- Cloud vendors are also investing in and developing virtualized offerings that manage supply chain operations more effectively than traditional souped-up solutions. These solutions leverage artificial intelligence and machine learning for analytics, leading to better results.
- Seamless information flows through the supply chain system to simplify reporting by eliminating delays and manual intervention.
Cloud Computing for Intelligent Supply Chain Management
The cloud adds to the resilience of the supply chain in many other ways and, for example, by providing scalability and access. Below are a few key use cases for cloud computing.
- The twin of the digital supply chain: A visual representation of the physical supply chain – can improve resilience by providing a complete overview of the system, its transactions, vulnerability points, critical locations, logistics and more in real time. By using a digital twin, businesses can “visualize” supply chain operations and forecast demand, plan inventory, manage interactions with partners, and even anticipate disruptions before they happen. Given the big data and computing power involved, the cloud is the best place to model a digital twin.
- A modern database the cloud can include unlimited amounts of different types of data. It provides access to real-time information and insights, which are essential for maintaining the continuity of supply chain operations. There are a number of software solutions – including advanced analytics and artificial intelligence – that businesses can access “as a service” for supply chain modeling, strategic planning, risk/reliability assessment, etc.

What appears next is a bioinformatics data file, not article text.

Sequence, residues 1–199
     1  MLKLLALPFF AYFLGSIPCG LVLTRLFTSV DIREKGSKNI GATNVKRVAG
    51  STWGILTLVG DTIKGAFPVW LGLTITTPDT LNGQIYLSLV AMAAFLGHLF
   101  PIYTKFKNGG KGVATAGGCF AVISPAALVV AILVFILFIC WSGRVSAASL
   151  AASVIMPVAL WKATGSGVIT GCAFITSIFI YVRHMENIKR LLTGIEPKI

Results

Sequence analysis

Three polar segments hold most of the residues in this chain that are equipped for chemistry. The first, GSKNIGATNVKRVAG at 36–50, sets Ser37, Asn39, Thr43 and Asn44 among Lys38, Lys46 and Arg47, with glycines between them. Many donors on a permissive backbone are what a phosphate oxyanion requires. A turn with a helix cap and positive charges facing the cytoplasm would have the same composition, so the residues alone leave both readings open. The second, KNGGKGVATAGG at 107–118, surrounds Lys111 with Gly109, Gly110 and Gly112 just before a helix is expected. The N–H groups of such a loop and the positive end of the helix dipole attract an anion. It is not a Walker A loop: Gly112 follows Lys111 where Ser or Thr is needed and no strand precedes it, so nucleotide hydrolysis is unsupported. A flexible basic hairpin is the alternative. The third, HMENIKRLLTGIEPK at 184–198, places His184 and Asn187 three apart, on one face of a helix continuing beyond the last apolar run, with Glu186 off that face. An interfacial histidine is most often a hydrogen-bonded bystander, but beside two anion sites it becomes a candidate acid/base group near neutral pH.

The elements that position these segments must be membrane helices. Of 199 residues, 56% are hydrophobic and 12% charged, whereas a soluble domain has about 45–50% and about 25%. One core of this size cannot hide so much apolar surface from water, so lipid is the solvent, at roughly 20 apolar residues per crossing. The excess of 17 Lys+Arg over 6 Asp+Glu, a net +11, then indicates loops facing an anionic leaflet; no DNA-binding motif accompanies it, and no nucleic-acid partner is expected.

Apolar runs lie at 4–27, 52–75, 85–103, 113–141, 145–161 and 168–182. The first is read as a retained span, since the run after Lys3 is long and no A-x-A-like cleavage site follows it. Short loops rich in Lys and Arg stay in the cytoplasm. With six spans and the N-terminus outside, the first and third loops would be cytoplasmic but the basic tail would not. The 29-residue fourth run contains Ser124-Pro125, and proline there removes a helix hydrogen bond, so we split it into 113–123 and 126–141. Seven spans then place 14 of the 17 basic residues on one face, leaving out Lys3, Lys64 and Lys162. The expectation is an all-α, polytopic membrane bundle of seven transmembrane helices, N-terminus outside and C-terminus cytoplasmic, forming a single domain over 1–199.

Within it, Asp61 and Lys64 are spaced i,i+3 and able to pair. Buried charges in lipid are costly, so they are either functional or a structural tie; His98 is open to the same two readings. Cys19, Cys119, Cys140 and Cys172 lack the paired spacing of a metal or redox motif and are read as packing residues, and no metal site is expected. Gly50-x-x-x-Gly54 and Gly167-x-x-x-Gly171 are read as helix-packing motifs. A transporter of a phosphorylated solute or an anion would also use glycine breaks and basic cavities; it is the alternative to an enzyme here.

A great example of how the cloud can make the supply chain more resilient and responsive through warehouse modernization comes from Toyota. In North America, the company had an on-site automotive data warehouse to record data related to forecasted orders, planning, production, logistics, profits and stocks.
Over time, the aging data warehouse has developed several problems, including high maintenance costs and poor scalability, making it unsuitable for handling growing data volumes. First of all, Toyota created a data lake within its premises and filled it with data from an old data warehouse. This was not a completely satisfactory solution as it led to data duplication and new overheads; also, users need to wait for a long time to get data for statistics and other purposes.
The company then advances the automotive data storage environment by building a next-generation data pool in the public cloud. The source data was integrated directly into the data pool, and all the legacy logic worked directly on it again to provide business-ready data tags for reporting. This has produced several benefits, including reduced complexity, elimination of data duplication, higher data quality, and a basis for implementing complex analyzes that can yield better insights and improve downstream applications.
Providing Resilience in the Cloud
Who would have thought that supply chains would collapse in the interconnected, interconnected world of the twenty-first century? Yet that is exactly what is happening in this epidemic. In addition, other events, such as repeated wars and climate change disasters, have made it clear that we will have to deal with supply disruptions for many years to come. A key factor in supply chain resilience is real-time information visibility because it allows businesses to identify, avoid, and correct problems in a timely manner. Embracing digital technology, especially the cloud, is the only way to achieve this vision.